I realized that I had never seen the original David, just a marble copy in the Piazza della Signoria, along with the The Rape of the Sabine Women and the town hall (pictured), so we all went to the Galleria dell'Accademia. At first we wandered around and they had an exhibit showing the history of musical instruments - a lot of them looking like the originals that the musicians the Medici's hired used (with what looked like real gut strings to me!). I saw cellos and basses with three and five strings, very old guitars, my first hurdygurdy, spinets, and very strangely-shaped brass instruments. I think I enjoyed this exhibit a bit too much considering I should have stopped fooling around and have spent all afternoon looking at David, especially when my friends had already left me at that point.

I wandered my way back and went into a back room and briefly got distracted by unfinished marble works by Michalengelo and other masters of the time, when I realized that David was at the end of the hall! At that point you can't look at anything else. It was amazing because there was barely anyone there, and we sat there like four silly girls thinking we could see him breathe. I really didn't realize how massive he is.

Later in the evening, we went to the Ponte Vecchio which was so strange to see at night without all of the jewlery shops open. It was a bit awkward because several couples were making out on the bridge, but I forgot that couples come to put locks on fencing around monuments to eternalize their love or something silly like that...

We also briefly saw the Pitti Palace, which I had never gone to before. Jess said that there are beautiful gardens in the back and I really wish I could have seen the museum inside, but next time I guess.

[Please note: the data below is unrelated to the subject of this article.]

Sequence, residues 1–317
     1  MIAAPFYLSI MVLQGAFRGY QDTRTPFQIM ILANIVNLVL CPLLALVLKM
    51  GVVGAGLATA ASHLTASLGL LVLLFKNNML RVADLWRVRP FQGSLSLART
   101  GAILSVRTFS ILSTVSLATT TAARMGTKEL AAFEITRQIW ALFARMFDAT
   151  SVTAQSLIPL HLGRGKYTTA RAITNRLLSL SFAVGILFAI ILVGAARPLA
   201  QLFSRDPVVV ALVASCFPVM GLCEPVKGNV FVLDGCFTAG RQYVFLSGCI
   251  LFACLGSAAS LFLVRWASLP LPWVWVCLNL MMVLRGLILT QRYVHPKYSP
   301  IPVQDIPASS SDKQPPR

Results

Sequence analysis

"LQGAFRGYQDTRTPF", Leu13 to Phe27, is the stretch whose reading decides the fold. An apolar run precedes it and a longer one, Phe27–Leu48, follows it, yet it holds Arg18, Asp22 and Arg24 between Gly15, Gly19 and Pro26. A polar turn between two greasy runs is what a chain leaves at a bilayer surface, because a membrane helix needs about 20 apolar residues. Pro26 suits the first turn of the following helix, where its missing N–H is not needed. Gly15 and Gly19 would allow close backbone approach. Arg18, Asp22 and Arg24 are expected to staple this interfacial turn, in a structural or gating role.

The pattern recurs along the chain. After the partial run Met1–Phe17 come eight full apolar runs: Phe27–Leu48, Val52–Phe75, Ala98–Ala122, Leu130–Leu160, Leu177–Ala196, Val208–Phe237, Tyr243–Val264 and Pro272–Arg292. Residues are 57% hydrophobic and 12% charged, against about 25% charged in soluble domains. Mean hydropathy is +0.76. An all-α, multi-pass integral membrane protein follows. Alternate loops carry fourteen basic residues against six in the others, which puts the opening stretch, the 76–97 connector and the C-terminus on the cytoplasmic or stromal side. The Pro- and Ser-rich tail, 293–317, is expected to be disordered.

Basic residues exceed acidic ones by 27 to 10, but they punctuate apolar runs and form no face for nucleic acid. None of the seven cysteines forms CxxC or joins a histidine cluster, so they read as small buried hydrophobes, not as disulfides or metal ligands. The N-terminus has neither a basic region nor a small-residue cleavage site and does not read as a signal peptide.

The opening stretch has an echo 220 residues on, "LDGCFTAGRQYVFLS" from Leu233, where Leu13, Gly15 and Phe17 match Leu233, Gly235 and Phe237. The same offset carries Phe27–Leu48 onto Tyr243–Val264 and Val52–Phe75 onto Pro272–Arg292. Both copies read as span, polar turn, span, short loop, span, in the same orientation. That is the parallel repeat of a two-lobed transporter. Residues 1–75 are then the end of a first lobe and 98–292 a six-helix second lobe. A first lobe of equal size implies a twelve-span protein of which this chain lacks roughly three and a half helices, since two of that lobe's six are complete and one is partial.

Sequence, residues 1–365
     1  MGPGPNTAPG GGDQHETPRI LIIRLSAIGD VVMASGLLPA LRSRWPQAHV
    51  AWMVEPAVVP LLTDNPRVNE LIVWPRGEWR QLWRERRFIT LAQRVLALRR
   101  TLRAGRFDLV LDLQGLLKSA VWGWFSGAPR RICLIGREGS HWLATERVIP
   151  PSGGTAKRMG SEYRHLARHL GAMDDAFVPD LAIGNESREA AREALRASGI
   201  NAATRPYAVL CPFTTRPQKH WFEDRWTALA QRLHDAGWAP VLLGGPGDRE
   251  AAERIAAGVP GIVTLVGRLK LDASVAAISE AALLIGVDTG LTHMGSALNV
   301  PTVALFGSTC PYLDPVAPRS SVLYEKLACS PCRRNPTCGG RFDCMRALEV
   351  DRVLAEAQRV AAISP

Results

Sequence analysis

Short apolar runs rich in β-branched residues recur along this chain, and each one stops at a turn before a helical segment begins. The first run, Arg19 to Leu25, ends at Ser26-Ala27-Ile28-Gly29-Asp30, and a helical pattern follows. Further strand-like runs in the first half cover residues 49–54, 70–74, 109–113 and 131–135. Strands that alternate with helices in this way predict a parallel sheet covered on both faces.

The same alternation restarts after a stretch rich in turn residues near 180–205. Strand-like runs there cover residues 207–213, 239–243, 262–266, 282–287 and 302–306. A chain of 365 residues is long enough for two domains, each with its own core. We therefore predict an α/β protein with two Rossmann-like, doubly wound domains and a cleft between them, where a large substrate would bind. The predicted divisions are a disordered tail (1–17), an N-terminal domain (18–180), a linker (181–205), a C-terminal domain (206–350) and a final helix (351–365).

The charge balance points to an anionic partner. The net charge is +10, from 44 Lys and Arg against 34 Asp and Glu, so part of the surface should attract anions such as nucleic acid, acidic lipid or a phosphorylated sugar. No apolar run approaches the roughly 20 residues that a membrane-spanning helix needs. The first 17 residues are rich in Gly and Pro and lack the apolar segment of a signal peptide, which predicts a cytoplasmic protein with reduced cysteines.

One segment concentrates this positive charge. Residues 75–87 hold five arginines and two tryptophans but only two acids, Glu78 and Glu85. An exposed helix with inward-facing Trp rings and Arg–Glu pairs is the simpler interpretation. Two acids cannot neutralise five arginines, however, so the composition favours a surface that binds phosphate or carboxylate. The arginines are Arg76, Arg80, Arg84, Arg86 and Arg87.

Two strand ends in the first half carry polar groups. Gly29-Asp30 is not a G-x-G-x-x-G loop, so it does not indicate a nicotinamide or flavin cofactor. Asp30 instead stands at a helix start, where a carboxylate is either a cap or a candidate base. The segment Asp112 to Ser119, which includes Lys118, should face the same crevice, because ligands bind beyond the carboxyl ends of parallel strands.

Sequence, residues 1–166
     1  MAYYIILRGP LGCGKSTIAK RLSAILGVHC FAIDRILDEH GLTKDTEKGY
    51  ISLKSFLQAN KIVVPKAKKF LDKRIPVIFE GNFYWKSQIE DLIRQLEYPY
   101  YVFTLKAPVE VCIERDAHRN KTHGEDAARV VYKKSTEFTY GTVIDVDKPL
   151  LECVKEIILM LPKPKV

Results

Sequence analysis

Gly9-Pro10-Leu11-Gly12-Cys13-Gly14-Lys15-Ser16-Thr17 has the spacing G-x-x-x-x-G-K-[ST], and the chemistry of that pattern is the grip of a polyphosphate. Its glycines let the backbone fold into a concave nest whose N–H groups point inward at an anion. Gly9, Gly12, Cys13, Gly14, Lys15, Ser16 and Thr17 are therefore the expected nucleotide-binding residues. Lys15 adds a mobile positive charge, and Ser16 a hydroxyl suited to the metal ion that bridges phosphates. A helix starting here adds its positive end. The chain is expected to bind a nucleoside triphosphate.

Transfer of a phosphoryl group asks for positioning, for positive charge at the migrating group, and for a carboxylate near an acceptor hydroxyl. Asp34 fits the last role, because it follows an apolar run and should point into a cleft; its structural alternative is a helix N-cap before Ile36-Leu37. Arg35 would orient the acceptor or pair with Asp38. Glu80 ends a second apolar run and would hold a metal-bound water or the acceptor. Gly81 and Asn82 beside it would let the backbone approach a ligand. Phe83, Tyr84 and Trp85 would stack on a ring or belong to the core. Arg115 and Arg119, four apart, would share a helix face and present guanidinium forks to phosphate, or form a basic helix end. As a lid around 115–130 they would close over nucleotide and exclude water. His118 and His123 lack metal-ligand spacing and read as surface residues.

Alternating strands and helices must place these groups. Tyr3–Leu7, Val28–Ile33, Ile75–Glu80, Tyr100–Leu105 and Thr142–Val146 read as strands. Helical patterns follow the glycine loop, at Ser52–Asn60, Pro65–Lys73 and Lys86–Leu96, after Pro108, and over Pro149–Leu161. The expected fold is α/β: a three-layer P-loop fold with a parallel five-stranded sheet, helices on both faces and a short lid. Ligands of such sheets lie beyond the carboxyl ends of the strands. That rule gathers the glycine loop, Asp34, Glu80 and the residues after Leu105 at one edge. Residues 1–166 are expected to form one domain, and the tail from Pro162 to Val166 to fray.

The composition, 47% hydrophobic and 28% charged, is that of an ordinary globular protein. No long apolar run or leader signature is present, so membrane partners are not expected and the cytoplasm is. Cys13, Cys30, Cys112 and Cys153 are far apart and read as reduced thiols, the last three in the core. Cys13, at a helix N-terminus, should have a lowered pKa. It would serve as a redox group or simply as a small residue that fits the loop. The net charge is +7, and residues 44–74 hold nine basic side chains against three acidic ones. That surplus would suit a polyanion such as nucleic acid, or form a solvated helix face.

We went out that night to some Irish pub, which kind of turned me off because I saw JMU and Villanova t-shirts hanging from the ceiling, but the Americans were good fun for Anna and Jess to mock. As we left, and were walking back to the apartment, two Italians tried to ask us back to their place to have wine with them. NO THANK YOU.

Just some friendly italian men. I'm glad my friend had some good comebacks in Italian.

I'm upset I didn't go to the Uffizi and may try to make it a daytrip in the future. It's just hard to fit in everything you want and to travel together as a group. At least I rubbed the snout of the bronze boar. I hope that gives me good luck for the rest of my trip.


  1. That lock thing is really romantic. Odd, but romantic. Ralph would think its retarded but he's a stupid boy. I can't wait til you come back and I get to see ALL of your pictures!

  2. Sarah Sarah! All of my pictured are linked to the blog (on the right hand side). Please take a look. I don't want you to have to wait!

  3. wow the pictures are amazing - it sounds like you're really getting immersed in the culture!!! can't wait to hear all about it!